Records and Fields

Awk makes the assumption that its input is structured and not just an endless string of characters. In the simplest case, it takes each input line as a record and each word, separated by spaces or tabs, as a field. (The characters separating the fields are often referred to as delimiters.) The following record in the file names has three fields, separated by either a space or a tab.

John Robinson	666-555-1111

Two or more consecutive spaces and/or tabs count as a single delimiter.

Referencing and Separating Fields

Awk allows you to refer to fields in actions using the field operator $. This operator is followed by a number or a variable that identifies the position of a field by number. “$1” refers to the first field, “$2” to the second field, and so on. “$0” refers to the entire input record. The following example displays the last name first and the first name second, followed by the phone number.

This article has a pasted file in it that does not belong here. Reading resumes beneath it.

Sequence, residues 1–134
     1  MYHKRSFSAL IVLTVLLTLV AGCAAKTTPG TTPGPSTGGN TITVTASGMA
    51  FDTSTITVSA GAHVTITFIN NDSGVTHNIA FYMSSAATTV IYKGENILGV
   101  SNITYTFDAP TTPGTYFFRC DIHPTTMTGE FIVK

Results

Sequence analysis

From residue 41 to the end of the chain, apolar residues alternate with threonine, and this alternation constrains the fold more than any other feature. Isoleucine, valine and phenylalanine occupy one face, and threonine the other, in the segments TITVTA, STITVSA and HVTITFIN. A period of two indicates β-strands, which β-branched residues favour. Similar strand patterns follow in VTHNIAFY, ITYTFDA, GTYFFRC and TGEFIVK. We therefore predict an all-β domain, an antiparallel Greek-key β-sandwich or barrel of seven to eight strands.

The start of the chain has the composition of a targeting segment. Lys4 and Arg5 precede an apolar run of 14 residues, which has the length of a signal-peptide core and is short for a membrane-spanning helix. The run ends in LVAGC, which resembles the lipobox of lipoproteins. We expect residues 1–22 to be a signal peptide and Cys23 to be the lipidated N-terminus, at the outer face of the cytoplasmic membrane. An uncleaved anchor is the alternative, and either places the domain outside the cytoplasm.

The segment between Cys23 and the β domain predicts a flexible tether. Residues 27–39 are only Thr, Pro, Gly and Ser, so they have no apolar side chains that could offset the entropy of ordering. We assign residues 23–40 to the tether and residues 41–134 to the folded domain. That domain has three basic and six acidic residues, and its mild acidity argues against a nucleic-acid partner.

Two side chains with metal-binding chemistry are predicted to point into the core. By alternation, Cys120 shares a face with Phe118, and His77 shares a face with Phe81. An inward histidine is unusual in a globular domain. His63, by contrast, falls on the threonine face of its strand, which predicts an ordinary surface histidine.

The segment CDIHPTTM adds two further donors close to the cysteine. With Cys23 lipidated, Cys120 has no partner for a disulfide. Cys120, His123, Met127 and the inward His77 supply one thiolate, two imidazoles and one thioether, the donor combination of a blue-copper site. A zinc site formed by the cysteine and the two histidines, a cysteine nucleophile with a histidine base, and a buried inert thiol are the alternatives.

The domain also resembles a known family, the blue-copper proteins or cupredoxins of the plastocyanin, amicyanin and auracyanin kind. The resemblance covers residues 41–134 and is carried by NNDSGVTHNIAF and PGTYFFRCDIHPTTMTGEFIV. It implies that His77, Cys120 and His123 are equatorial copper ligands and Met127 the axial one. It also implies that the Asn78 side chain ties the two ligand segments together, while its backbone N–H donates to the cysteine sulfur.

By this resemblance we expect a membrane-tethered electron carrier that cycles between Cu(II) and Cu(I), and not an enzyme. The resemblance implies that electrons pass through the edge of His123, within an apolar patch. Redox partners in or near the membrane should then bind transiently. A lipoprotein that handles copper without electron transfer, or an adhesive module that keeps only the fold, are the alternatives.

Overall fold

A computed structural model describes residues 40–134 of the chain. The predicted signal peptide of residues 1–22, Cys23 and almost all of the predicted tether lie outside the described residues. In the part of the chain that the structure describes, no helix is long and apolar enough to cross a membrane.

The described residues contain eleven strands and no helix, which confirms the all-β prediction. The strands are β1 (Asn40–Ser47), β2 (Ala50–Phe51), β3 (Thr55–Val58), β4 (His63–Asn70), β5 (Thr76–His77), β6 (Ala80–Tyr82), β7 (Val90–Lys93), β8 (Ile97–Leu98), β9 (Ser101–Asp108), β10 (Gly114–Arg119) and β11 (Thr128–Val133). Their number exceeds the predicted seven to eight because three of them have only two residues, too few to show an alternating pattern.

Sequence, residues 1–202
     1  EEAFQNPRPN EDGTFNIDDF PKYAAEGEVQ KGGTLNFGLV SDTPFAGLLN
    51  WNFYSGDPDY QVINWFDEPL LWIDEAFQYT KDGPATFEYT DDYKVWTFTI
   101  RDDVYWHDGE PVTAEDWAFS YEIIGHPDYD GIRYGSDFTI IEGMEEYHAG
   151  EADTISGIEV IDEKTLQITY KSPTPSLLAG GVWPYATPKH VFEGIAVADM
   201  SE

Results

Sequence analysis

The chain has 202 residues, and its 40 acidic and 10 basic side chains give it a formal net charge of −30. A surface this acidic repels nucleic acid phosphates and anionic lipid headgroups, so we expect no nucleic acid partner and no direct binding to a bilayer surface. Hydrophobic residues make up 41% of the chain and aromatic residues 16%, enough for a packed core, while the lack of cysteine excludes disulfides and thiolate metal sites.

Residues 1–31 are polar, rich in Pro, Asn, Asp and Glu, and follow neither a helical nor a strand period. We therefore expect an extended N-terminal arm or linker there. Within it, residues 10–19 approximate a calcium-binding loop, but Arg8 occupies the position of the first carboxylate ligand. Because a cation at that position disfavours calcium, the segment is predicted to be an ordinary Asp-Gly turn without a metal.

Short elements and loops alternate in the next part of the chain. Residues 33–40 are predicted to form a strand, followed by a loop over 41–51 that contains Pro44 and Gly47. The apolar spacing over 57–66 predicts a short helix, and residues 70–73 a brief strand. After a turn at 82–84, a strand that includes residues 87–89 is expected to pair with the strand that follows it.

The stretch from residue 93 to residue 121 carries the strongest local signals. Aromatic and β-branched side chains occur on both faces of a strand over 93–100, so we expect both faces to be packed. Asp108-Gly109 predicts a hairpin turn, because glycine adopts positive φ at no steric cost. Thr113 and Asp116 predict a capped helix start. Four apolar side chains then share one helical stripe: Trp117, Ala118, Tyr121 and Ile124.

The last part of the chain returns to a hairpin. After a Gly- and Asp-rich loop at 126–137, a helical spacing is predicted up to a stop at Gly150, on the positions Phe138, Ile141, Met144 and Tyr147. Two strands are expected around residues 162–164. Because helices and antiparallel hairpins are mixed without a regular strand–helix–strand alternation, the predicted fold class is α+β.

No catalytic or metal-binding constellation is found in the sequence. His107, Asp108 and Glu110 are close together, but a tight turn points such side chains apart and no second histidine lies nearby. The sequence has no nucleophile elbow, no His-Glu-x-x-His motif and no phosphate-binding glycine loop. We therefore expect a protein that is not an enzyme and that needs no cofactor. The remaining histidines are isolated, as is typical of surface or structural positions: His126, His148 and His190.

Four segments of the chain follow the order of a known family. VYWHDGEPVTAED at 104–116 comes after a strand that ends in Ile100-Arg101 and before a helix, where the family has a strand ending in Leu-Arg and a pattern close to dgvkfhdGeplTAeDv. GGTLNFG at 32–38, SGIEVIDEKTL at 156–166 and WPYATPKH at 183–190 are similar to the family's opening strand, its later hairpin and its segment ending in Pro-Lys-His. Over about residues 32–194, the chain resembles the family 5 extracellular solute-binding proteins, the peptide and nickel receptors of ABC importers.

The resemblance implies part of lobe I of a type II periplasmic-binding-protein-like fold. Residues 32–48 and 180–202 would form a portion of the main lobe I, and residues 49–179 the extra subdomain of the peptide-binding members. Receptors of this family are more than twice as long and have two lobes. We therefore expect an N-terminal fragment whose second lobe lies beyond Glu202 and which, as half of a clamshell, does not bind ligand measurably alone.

$ awk '{ print $2, $1, $3 }' names
Robinson John 666-555-1111

$1 refers to the first name, $2 to the last name, and $3 to the phone number. The commas that separate each argument in the print statement cause a space to be output between the values. (Later on, we’ll discuss the output field separator (OFS), whose value the comma outputs and which is by default a space.) In this example, a single input line forms one record containing three fields: there is a space between the first and last names and a tab between the last name and the phone number. If you wanted to ...

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